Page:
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Court Artist Arthur Lien Provides Window into U.S. Supreme Court

Cameras aren’t allowed in the U.S. Supreme Court, which makes the work of court sketch artist Arthur Lien all the more valuable. His renderings of the justices, the lawyers, and the parties are often the only visual depictions of the high-profile proceedings that the American public gets to see.

Arthur Lein from inside the Supreme Court it can be found at http://ssl.folioarchive.com/sendbinary.aspx?customerId=697&sKey=G4K947EV&imageid=472&tp=7A&ispc=4A

Artist, Arthur Lien inside the U.S. Supreme Court

For instance, without Lien’s artwork, most of us would never see the justices’ facial expressions when the Court announced its historic ruling regarding same-sex marriage. Lien was also one of the few to provide a glimpse inside the courtroom when victims of the Boston Marathon bombing testified during the emotional sentencing hearing for convicted bomber Dzhokhar Tsarnaev.

When it comes to courtroom sketching, Arthur Lien is a member of the old guard that has seen the profession slowly die out. He has worked as a court sketch artist since 1976, launching his career shortly after graduating from the Maryland Institute College of Art. He eventually made his way to Washington, D.C. and has devoted the majority of his career to the Supreme Court beat. If you regularly watch NBC News, you have probably seen his work during coverage of the Court, as he has worked exclusively for the network since 1980.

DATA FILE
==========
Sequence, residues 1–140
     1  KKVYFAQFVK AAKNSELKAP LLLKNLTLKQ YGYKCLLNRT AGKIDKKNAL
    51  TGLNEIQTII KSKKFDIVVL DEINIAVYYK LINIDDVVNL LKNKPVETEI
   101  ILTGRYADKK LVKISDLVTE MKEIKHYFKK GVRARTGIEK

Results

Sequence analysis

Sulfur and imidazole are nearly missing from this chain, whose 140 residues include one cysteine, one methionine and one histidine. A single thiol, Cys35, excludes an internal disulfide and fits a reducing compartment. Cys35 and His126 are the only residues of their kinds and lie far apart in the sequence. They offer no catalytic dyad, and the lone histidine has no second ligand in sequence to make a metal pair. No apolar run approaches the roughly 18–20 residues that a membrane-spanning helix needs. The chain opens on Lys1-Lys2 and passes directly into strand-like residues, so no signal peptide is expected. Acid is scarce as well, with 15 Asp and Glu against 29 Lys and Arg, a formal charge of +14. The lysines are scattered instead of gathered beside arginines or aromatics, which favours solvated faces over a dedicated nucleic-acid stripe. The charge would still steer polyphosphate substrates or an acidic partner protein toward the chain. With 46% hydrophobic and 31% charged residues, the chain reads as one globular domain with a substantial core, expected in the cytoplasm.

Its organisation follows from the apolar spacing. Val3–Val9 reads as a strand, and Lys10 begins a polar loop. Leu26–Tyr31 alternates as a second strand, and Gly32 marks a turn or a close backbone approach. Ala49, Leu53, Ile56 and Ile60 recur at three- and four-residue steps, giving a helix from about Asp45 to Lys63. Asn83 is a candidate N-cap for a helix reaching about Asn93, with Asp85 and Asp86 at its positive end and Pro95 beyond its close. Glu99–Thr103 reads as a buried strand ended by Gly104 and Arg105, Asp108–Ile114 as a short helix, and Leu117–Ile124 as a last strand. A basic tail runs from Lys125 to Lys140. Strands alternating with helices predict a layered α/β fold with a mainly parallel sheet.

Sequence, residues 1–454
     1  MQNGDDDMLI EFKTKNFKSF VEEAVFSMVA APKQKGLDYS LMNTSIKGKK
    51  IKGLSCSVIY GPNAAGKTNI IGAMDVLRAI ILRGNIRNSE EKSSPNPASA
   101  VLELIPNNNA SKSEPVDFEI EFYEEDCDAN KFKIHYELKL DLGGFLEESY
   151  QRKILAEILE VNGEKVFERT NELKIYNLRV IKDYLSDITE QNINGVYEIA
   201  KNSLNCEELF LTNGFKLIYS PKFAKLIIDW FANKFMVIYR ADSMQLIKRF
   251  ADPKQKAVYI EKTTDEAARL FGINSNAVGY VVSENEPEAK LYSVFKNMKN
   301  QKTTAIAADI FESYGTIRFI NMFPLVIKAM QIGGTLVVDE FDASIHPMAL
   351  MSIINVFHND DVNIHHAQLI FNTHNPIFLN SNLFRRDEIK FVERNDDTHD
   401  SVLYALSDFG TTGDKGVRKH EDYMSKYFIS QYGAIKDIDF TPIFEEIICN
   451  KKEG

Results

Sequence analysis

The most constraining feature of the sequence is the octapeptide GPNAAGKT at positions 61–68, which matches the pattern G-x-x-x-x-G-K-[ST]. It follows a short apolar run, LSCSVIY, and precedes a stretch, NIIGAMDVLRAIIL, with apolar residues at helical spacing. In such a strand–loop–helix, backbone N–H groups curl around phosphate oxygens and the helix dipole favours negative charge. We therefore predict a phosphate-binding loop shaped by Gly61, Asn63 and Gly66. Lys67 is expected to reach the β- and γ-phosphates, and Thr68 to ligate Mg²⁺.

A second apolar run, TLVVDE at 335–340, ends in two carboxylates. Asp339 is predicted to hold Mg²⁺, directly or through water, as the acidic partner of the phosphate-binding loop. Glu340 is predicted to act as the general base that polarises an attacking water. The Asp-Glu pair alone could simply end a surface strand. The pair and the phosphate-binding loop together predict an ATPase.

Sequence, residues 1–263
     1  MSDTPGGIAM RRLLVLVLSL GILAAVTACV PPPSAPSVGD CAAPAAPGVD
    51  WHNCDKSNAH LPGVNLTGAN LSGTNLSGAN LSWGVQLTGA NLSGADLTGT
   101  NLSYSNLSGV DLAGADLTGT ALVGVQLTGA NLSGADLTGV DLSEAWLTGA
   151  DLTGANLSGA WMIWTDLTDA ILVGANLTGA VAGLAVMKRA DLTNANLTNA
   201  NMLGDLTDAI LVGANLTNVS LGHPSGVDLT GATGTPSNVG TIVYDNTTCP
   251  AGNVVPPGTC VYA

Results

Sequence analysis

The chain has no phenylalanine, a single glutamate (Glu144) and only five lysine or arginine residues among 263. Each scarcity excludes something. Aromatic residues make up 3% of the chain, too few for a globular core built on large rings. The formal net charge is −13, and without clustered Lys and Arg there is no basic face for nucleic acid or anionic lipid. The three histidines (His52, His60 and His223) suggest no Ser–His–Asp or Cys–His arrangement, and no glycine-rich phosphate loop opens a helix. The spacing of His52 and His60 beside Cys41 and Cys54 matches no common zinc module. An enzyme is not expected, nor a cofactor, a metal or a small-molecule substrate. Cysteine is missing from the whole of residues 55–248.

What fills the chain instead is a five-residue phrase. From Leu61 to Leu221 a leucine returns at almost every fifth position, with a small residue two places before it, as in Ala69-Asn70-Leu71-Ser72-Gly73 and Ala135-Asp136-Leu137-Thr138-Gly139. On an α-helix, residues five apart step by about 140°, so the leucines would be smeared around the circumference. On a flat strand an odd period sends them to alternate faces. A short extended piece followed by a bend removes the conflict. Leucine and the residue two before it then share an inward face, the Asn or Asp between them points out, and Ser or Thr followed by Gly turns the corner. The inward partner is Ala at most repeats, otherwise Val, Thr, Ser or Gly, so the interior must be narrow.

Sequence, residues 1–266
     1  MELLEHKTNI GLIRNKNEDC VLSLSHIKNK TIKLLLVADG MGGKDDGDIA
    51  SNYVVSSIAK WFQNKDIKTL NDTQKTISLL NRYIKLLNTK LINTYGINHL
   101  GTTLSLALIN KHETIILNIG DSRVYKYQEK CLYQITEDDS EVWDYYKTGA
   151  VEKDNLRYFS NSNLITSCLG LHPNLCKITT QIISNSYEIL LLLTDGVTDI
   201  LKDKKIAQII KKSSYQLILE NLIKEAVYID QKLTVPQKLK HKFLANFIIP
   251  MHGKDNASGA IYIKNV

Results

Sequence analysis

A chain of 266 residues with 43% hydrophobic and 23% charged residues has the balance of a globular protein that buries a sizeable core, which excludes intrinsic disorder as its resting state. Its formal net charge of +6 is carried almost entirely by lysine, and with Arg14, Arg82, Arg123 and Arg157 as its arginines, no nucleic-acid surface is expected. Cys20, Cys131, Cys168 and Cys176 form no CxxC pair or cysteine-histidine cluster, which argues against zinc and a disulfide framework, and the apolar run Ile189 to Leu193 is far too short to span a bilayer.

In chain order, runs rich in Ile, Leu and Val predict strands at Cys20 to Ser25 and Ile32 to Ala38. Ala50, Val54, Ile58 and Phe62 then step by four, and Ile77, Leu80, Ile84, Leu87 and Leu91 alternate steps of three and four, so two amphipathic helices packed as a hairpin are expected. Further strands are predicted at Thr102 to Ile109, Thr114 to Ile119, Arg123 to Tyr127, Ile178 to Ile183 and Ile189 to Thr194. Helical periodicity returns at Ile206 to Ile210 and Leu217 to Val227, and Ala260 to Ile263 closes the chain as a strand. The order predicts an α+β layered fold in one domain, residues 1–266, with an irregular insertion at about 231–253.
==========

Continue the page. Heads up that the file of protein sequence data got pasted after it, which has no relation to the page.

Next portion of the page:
As Lien acknowledges, courtroom sketching is “a demanding and stressful discipline where the drawing is often done directly and under tight deadline.” The sketch artist covering the Tom Brady Deflategate proceedings recently learned this lesson the hard way when her depiction of Tom Brady, which some characterized as unflattering, went viral on social media.

As for drawing the Supreme Court proceedings, Lien acknowledged in a 2013 interview with Wired Magazine that he has his favorites among the justices. “The one I like the most is Sotomayor,” he stated. “Of course, she sits closest to me on the side of the bench. She’s great to draw. She’s got lots of hair and she’s always got big earrings and bangles.” Arthur Lien also acknowledged that all of his time spent in the Court’s gallery has been educational, allowing him to cut through the legalese and understand the arguments raised in each case.

In addition to providing court sketches to the media, Lien also makes his drawings available for purchase or download on his website. Arthur Lien also operates a blog, Courtartist.com, in which he provides additional insight into what he sees as one of the few people with access to often-historic court proceedings.

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